Liberty Expose: How Turkey's Post-Democratic Nation Compares To America
Typically when a major democratic nation holds an election, the press sit on the edge of their seats. Recent elections in North America and Europe have provided a high degree of uncertainty and no one ever knows how elections will turn out. Not for Turkey, though. When there is an election in Turkey, there is no need to speculate: the incumbent president, Recep Tayyip Erdogan will win. We know this because, since the turn of the century, Erdogan has maneuvered to fundamentally transform Turkey from a democratic state, into an authoritarian one. It is a campaign that he has been tremendously successful at.
The 21st century has been the Age of Erdogan for Turkey. Now an entire generation of Turks has been raised in a Turkey that has seen a continual decline in democratic norms. A generation of Turks will grow up believing the imprisonment of journalists is normal, secularization is to be reversed, and the West is to be shunned, not embraced. It could be that the younger generation of Turks will seek to repeal the advances made by Erdogan and his more rural and middle-aged devotees, but John Adams observed, Liberty once lost is lost forever.
Over the years, Erdogan has transformed the Turkish presidency from a largely symbolic post to a vastly powerful position. Through political maneuverings, targeted referendums and the occasional war to build up support, Erdogan has politicized his office and colonized the parliament and the judicial system. He now has the power to impeach judges that stand against his power-grabs and imprisonment of dissenters.
In what was the beacon of what a Muslim-majority country can be; one that is secular and has a large degree of respect for human rights, the press is now being persecuted. Any journalist who criticizes Erdogan faces the prospect of being jailed for being a conspirator against the state.
Erdogan achieved expanding his power in 2023 with his victory in the last election. It’s ironic; the centennial of Turkish democracy is being celebrated by destroying it. Erdogan is the face of aspiring dictators, and he gives an example of who is, and who isn’t, a potential tyrant.
The death of the Turkish Republic should be seen as a sign of life for the American republic. In an era in which too many ahistorical and opportunistic journalists are willing to compare the Trump administration to authoritarian nationalists at best, and Nazis at worst, Turkey provides an example of what an actual democratic dictatorship looks like.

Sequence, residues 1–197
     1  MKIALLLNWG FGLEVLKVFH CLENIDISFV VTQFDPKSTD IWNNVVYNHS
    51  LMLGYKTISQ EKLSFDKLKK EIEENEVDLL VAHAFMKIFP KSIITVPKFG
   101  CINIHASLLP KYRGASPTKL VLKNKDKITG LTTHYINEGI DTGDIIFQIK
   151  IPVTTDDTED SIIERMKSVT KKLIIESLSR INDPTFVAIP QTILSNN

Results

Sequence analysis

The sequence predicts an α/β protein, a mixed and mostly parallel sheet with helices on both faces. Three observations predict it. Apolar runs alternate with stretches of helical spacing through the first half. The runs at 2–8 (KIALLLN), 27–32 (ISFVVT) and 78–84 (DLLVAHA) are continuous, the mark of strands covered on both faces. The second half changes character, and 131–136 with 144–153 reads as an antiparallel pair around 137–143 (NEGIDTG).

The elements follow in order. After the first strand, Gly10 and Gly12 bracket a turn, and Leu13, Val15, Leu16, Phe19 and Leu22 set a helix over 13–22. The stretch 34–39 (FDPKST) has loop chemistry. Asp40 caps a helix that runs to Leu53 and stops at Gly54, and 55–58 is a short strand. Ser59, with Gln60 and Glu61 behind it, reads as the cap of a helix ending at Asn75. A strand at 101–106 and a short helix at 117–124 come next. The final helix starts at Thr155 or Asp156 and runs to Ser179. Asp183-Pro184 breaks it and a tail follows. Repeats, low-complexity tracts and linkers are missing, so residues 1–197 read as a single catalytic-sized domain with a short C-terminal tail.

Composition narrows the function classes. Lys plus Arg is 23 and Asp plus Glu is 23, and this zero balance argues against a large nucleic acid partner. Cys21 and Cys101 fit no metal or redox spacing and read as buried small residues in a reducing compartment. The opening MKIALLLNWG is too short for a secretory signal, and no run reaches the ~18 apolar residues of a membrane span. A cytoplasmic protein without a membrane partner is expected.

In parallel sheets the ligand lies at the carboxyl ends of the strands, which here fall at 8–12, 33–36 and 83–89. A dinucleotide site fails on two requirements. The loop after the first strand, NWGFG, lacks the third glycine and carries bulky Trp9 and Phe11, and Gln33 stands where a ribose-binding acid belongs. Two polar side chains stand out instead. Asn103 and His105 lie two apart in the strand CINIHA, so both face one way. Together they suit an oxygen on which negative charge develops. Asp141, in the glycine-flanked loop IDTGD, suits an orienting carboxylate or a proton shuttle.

Erdogan is a crafty political leader who knows what he believes. He has spent years engineering the decline of Turkish democracy and has promoted an ideological vision along the way – one that is counter to the founding values of the Republic of Turkey. In this way, Erdogan is the stereotypical dictator: an ideologically coherent and talented politician.
Can the same be said about President Trump? Dictators, at least “democratic” ones, have thought seriously about what they believe. Many of them published before their ascension to power. Most of them lived painful and dangerous lives for years in order to promote their cause. In a word, they are the antithesis of Donald Trump. Before entering the presidency, one speculates if he has ever thought seriously about political ideas. Could he really point to thinkers who have influenced him, or distinguish between Hobbes, Locke, and Rousseau? I will guess not.
The contrasts could not be starker: one is an aspiring theocrat, the other is the antithesis of religious devotion. One has been scheming for more power for almost two decades, the other burst onto the political scene about three years ago. One is altering the political character of his nation, the other tweets. They both despise journalists, but Erdogan imprisons the ones he doesn’t like. Trump just tweets and insults them. It is immature and inappropriate, but not dictatorial. If Erdogan read this, I would be in jail. If Trump read this, I would be scolded for my lack of Twitter followers.
In this respect, Americans should give a sigh of relief. Though the political culture is poisonous, American institutions are still powerful enough to repeal any would-be despots – of which President Trump is not one. America and the West should not look the other way with Erdogan; Congress recently blocked the sale of F-35 fighter jets to the NATO ally.
The European Union must also make it clear that Turkey will not be accepted into the economic union as long as they continue their democratic decline; i.e. as long as Erdogan exists in power, Turkey is unwelcome. And finally, America and Europe must revisit Turkey’s standing in NATO. Erdogan has elected to be Putin’s puppet and has undermined Western interests in the Middle East. We must decide if a post-democratic Turkey is worth defending.